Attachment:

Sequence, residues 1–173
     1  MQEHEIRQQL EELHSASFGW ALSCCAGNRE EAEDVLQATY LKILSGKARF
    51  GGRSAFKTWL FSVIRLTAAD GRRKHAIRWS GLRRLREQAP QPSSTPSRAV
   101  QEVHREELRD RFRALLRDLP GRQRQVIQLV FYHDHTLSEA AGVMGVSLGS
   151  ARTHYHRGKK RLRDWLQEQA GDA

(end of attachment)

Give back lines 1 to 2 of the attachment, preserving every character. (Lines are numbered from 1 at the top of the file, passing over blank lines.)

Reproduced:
Sequence, residues 1–173
     1  MQEHEIRQQL EELHSASFGW ALSCCAGNRE EAEDVLQATY LKILSGKARF